Purple trillium, wake robin
Native to the Finger Lakes Region, Eastern N. America
A 10-12" tall plant with stalked, dark red, nodding flowers.
Light: shade to part sun
Moisture and Soil: medium moisture, rich soil
Seed Treatment and Storage: Keep seeds moist. Needs warm+moist/cold+moist stratification. It may be 2-3 years until growth appears above ground (first year post germination is underground development); 5-8 years to flower.
Although it has been recorded that young, unfolding trillium plants can be eaten, these scarce and precious wildflowers should not be gathered for food purposes except in cases of emergency. Trillium roots are highly emetic. The Cherokee used wake robin for everything from bowel complaints and profuse menstruation to asthma and coughs. The Abnaki prescribed ground rhizomes for a variety of pediatric maladies, and the Haudenosaunee combined the underground parts with other plants in a remedy for pimples and sunburn.
The statements above were sourced from:
Fernald, Merritt Lyndon, and Alfred Charles Kinsey Kinsey. 1958. Edible Wild Plants of Eastern North America. 2nd ed. New York, NY: Harper and Row.
Native American Ethnobotany Database: http://naeb.BRIT Native American Ethnobotany Database.org/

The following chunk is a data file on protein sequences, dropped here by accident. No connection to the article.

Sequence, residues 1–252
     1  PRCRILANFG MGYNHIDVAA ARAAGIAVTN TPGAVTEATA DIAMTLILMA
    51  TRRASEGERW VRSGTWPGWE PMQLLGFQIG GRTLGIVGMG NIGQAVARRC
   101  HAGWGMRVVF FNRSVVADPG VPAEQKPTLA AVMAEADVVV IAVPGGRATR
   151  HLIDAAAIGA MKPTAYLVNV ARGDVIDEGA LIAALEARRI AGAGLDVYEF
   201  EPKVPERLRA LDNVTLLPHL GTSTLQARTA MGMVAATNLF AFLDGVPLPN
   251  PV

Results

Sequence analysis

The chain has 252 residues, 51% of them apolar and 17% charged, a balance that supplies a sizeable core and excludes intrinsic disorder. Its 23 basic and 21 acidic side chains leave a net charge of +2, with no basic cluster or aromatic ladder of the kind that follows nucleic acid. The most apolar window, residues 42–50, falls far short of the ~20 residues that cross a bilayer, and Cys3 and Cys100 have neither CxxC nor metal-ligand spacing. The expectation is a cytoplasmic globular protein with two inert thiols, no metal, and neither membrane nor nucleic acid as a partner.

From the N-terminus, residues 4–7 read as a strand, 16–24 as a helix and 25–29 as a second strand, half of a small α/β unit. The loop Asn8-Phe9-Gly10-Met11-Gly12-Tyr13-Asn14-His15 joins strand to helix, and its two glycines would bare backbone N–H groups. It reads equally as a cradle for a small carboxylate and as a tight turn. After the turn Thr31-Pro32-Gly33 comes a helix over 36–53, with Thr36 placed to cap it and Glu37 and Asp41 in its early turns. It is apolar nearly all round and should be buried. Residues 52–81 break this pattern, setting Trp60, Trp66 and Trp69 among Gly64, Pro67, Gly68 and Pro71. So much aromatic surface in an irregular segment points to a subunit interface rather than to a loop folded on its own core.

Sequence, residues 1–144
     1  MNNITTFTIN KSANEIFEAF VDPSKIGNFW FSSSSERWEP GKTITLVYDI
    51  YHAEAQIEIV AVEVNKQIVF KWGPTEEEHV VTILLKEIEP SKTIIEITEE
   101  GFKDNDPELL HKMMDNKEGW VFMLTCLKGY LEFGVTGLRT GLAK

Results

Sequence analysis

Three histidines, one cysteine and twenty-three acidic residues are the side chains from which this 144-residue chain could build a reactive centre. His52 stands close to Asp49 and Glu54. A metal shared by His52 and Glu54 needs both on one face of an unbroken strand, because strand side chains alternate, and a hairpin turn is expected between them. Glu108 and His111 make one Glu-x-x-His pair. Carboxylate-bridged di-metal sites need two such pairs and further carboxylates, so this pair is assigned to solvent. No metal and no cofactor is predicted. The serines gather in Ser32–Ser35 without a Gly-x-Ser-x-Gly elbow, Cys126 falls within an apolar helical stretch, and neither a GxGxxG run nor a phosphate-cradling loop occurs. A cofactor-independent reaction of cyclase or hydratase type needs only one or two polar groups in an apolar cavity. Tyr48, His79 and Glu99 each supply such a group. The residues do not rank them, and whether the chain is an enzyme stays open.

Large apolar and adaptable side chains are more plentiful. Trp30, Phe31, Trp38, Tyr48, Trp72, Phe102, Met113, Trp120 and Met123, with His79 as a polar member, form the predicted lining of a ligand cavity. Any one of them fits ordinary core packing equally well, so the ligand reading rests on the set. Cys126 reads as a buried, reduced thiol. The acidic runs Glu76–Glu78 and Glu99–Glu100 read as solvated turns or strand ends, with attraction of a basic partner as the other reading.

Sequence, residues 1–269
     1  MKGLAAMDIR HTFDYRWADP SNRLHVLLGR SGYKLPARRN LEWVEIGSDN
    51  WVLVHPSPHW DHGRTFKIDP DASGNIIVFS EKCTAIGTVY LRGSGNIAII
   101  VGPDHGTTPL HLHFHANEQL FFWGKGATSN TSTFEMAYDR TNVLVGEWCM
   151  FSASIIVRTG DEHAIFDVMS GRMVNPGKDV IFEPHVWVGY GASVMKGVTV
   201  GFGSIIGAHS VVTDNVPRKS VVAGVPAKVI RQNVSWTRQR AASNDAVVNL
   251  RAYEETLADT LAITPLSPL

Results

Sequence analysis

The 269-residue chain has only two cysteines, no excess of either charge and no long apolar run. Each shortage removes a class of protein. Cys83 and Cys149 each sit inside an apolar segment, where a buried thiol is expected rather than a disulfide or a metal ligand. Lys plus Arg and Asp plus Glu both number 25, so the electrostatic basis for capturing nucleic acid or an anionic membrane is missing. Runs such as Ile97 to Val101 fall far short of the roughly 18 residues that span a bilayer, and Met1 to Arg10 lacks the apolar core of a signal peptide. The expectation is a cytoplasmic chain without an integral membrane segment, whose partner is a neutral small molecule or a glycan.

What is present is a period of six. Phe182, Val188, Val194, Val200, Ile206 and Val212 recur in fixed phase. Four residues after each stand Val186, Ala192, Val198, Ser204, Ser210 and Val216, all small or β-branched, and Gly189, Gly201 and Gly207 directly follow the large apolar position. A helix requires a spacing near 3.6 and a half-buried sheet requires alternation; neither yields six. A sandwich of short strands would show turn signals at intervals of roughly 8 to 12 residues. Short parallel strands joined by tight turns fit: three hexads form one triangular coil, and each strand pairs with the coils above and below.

Because wake robin flowers have the color and appearance of rotting meat, they probably attract flesh flies, carrion beetles, and similar insects. Trillium seeds are dispersed by ants, who take the fruit to their underground homes, eat the flesh (elaiosome) and discard the seed. The foliage is vulnerable to browsing by white-tailed deer.
Climate change sensitivity
Over the period from 1986 to 2015, Trillium erectum bloomed an average of 0.1 days later.
Source of plant
Longfield Gardens, Roslyn Nursery
Highly variable; stems 15-60 cm tall including the 10-cm-long peduncle. Leaves broadly rhombic-ovate to 17.5-cm-long, sessile. Flowers nearly erect, peduncled, brownish-purple to purple, rarely white, yellow, or green, to 5 cm long, the petals flared outwards from the base, the anthers purple-red like the stigmas but with white pollen.
USDA Hardiness Zone
This trillium's blood-red flowers produce a mildly unpleasant smell to attract pollinators, hence its other common name, "stinking Benjamin."